Aegina Home & Living - Living in Aegina

 

 

 


LIVING IN AEGINA

What is it REALLY like to live in Aegina?

 

                                                           LIVING
 

LIVING                                                                            FEBRUARY 2009

 

            BEWARE OF WOLVES IN CHEAP CLOTHING!!!!
 

I recently took my daughter clothes shopping in Piraeus since the sales were in full force. One department store was particularly busy and as we were clicking our way through numerous coat hangers, I was aware of a flock of crow-like women, all dressed in black, jostling for space and invading mine in the process. At the same time, I felt my back-pack press into my spine so I shook off the pressure and re-adjusted its position.

I noticed a woman at my side. (I seem to have adopted a peculiar habit of registering details about people which entails staring, much to the embarrassment of my children.)

I noted the following:

Long, thick black hair held back with a rhinestone encrusted hair-band. Too much make-up. Black, slinky clothing, suitable for an evening out. Shifty eyes. Possible occupation: belly dancer.

I migrated to the other end of the shop to look at garish, shiny anoraks; so did the belly dancer. I became aware of a second woman who seemed to be more interested in looking at me than at clothes. Was I staring too much?

I registered the following: Long black straggly hair; tall, quite thin. Black and silver striped jumper, shifty eyes, something kind of waxy and unclean about her yellowed complexion. Tiny brown freckles across the nose. Possible occupation: Store detective?

I suggested to my daughter that we play a game. I would walk to the other side of the store, take a right turn, then a left and come back to my original spot. Her job was to watch the two women and report on their movements to me. To her delight, the two followed me. Our next tactic was to lose them by taking a lift to the fourth floor. We lost them but then my nose started to run so I asked her to kindly dig into my bag and grab a tissue. She noticed that it was open.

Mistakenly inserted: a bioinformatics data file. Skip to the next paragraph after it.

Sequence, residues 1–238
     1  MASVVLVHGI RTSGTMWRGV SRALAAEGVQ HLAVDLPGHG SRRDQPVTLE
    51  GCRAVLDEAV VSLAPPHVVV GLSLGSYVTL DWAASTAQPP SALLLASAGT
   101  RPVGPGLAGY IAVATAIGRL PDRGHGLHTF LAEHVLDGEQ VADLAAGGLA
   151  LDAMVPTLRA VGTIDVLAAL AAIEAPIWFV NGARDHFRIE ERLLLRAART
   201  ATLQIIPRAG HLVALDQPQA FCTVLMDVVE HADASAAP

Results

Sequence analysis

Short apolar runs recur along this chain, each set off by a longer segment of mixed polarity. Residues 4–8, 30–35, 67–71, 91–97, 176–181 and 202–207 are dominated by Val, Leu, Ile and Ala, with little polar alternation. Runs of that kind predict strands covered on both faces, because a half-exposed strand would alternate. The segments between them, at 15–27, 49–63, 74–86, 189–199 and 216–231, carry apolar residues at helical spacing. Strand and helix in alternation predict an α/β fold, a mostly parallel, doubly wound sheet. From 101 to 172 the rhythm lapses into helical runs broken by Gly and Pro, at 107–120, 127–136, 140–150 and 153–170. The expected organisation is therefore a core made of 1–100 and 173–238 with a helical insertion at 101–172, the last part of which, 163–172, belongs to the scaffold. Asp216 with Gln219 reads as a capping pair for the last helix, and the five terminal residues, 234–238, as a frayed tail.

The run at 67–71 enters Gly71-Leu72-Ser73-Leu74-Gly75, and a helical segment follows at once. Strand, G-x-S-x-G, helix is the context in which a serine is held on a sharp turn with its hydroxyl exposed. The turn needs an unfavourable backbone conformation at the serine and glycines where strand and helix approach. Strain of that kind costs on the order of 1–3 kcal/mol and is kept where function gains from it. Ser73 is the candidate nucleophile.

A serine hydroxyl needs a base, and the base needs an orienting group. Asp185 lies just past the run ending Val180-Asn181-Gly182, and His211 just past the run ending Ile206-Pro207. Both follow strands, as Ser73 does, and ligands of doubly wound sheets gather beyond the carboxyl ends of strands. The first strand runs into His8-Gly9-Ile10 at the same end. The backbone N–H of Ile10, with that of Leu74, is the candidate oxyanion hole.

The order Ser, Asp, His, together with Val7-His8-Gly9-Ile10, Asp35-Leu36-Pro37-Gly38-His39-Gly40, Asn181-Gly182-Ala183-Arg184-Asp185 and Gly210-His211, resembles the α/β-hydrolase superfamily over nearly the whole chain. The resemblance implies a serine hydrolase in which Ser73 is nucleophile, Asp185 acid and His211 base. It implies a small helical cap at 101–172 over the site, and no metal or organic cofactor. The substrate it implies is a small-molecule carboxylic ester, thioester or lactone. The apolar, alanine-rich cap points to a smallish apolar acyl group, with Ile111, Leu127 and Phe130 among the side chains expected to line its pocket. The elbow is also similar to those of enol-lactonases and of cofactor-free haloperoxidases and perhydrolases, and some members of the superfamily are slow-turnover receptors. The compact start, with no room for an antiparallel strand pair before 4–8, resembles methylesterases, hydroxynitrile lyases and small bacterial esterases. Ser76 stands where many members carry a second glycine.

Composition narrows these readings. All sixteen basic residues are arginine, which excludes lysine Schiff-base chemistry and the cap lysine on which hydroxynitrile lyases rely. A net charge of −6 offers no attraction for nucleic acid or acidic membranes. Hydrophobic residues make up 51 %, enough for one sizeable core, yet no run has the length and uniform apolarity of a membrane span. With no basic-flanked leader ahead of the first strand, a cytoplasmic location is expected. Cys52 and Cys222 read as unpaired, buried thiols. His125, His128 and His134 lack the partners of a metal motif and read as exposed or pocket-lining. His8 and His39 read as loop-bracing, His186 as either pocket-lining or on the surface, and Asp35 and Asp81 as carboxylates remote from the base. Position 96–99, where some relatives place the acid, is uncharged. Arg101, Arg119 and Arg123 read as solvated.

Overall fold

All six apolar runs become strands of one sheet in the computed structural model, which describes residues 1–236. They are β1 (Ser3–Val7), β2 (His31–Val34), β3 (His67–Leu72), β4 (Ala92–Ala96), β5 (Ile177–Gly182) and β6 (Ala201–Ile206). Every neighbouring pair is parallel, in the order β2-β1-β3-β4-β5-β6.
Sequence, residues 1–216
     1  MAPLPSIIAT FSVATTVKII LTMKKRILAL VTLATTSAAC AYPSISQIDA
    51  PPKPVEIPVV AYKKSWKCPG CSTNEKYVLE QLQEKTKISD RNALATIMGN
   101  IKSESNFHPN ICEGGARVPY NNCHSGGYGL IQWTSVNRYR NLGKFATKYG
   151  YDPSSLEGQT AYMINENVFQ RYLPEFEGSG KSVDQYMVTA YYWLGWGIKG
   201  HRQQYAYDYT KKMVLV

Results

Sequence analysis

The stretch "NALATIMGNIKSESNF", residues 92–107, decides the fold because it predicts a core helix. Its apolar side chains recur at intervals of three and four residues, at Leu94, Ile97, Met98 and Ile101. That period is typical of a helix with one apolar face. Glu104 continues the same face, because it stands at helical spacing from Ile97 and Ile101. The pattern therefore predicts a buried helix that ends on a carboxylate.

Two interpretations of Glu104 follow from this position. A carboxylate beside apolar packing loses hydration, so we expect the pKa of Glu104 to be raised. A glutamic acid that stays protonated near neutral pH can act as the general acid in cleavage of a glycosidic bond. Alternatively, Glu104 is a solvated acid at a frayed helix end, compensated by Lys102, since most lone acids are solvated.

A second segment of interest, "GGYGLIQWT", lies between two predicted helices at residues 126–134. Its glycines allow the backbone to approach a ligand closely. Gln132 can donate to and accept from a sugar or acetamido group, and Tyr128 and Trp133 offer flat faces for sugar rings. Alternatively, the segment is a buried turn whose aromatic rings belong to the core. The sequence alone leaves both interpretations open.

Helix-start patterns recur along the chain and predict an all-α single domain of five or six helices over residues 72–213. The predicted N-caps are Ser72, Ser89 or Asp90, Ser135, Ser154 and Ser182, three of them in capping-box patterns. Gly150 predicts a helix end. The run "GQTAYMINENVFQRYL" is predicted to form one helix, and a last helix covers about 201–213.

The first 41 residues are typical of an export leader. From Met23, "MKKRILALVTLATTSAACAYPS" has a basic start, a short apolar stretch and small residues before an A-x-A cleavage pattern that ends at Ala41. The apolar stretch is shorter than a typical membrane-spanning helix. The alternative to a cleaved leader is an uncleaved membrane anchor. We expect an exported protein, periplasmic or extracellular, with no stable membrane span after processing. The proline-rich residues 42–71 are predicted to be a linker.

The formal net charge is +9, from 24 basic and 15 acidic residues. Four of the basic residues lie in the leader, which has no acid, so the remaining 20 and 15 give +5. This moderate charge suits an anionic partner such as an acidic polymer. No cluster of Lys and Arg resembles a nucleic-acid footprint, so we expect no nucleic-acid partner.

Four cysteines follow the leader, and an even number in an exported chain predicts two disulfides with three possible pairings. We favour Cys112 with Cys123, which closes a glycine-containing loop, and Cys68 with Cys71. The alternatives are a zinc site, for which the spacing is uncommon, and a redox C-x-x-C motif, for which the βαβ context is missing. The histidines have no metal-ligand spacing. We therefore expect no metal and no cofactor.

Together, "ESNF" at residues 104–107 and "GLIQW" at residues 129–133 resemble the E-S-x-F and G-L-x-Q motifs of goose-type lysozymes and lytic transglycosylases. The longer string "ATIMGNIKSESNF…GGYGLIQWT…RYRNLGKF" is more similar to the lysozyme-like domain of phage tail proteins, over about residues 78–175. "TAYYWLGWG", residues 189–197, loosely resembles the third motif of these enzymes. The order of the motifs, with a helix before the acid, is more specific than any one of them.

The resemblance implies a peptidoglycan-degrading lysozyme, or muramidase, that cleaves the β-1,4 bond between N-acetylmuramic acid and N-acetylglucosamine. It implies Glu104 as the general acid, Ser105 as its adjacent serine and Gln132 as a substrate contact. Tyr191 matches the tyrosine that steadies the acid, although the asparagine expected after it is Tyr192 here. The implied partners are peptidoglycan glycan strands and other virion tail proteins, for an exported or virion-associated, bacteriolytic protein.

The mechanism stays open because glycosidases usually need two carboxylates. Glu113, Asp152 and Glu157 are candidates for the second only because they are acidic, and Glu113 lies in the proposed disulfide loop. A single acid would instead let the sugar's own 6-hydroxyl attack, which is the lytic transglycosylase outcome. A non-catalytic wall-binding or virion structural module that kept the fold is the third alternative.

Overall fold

I quickly tipped the contents onto the padded bench we were perched on and noticed that my Euro purse was missing. Fortunately though, my’ English’ purse containing my credit cards was still there, as was my passport, snugly ensconced in a separate pocket.

I urgently instructed my daughter to run back downstairs with me to the ground floor where I scanned a sea of faces until I recognized the wearer of the rhinestone encrusted hair band. “Ah there she is! There’s the woman who stole my purse!” I yelled in English.

According to my daughter, a third woman looked  urgently towards the one I had identified and immediately dropped her shopping whilst grappling for her mobile phone. It was at this point that ‘my’

Woman also dropped the pile of clothing draped across her arms and hastily walked from the shop. I followed her but she broke into a trot; so did I! Then she started to run; so did I and I was so grateful not to be wearing stilettos like hers but as I stopped to check my daughter was still behind me, the pedestrian lights changed to red and I glimpsed among the wave of black heads bobbing on black coats a flash of rhinestones triumphantly winking in the sunlight as the head that wore them frantically disappeared into another building.

My daughter pleaded with me to give up the chase, that it wasn’t worth the bother or the danger and since at times I think she is more wise and even more mature than me,( even though she is only twelve) I decided to take heed of her advice.

 

LESSONS LEARNT:

NEVER apply your own cultural norms to a foreign situation. Apparently in Greece, stores do not employ store detectives; they use uniformed security guards

DON’T wear a backpack shopping; they are easier to steal from and these people are well trained and nimble.

ALWAYS keep your cards and identification separate from your money and cheque books

DON’T pursue a thief. They usually work in gangs and use mobile phones to alert each other. One could end up dealing with several people and endangering the situation further…. (It is quite exciting though!!!)

Be particularly alert in crowded situations such as clamoring to get on a bus or shopping in a busy store. According to readers of the Athens News, groups of thieves operate slickly around the X 96 bus which transports people to the airport. They create bustle and confusion as they push to get onto a bus and whilst people are distracted, they rob them from their pockets, bags and backpacks.

A friend of mine has suggested we all carry our purses inside a bag that slips inside our clothing and we place mouse-traps in our bags.  Inhuman though it might be, I am sure it would be a really effective deterrent!!

 

Alison Lorentzos                                                   copyright 2009

 

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